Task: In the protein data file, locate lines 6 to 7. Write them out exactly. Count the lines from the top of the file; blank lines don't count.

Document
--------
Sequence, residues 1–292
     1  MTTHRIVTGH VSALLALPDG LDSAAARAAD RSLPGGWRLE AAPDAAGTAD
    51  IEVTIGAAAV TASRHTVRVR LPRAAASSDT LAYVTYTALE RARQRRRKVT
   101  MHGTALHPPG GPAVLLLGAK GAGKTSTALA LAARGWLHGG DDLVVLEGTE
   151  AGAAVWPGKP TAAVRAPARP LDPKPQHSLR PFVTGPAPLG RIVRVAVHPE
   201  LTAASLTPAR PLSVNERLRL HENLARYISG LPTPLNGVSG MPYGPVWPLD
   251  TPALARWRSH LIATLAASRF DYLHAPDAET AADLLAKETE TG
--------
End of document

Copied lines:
   201  LTAASLTPAR PLSVNERLRL HENLARYISG LPTPLNGVSG MPYGPVWPLD
   251  TPALARWRSH LIATLAASRF DYLHAPDAET AADLLAKETE TG